Religious buildings in the form of the Buddhist stupa, a dome shaped monument, started to be used in India as commemorative monuments associated with storing sacred relics of the Buddha.
The earliest archaeological evidence for the presence of Buddhist stupas dates to the late 4th century BCE. In India, Sanchi, Sarnath, Amaravati and Bharhut are among the oldest known stupas.
After the parinirvana of the Buddha, his remains were cremated and the ashes divided and buried .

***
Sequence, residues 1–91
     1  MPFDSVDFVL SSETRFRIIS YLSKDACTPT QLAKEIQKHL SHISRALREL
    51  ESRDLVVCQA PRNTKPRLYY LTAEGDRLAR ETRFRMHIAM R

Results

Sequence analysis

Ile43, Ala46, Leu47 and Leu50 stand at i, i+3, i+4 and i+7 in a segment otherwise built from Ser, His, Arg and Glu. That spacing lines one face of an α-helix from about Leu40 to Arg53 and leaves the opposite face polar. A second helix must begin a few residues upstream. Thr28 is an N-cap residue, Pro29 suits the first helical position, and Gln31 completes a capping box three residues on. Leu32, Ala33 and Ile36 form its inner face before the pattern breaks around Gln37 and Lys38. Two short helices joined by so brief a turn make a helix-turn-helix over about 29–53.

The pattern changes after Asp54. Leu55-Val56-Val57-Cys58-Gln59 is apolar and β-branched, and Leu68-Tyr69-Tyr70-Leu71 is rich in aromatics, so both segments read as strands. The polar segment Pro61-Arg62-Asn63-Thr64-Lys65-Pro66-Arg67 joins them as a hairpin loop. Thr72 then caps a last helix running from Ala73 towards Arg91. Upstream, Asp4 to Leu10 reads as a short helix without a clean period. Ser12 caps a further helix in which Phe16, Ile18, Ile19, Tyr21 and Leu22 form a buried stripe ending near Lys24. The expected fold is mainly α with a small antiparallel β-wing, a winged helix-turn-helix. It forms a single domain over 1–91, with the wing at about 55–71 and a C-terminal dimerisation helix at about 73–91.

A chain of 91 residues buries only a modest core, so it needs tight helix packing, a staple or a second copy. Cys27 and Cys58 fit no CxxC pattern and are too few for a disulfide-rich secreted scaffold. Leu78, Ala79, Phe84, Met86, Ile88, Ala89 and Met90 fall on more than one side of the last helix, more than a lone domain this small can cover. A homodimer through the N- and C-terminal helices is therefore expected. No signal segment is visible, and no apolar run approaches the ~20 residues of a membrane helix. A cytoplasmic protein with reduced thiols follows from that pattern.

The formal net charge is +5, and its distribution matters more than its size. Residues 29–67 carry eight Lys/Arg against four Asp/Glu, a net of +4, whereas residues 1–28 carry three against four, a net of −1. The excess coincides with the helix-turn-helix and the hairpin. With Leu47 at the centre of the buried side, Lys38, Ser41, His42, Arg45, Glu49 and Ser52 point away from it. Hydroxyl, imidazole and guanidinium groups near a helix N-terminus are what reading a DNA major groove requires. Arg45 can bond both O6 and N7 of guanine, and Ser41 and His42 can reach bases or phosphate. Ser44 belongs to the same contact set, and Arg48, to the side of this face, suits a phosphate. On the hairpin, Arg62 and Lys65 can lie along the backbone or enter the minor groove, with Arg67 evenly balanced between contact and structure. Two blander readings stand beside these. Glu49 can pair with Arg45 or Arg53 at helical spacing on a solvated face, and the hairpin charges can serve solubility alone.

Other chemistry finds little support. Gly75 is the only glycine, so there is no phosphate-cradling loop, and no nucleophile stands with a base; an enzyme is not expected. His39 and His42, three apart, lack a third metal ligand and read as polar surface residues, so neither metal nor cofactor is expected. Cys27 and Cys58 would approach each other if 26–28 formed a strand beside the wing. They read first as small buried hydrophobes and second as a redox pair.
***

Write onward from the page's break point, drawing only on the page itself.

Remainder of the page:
Śarīra is a generic term referring to Buddhist relics, although in common usage it usually refers to pearl or crystal-like bead-shaped objects that are purportedly found among the cremated ashes of Buddhist spiritual masters.
Relics of the Buddha after cremation are termed dhātu in the Mahaparinibbana Sutta.
Śarīra are held to emanate or incite 'blessings' and 'grace' within the mindstream and experience of those connected to them.
Sarira are also believed to ward off evil .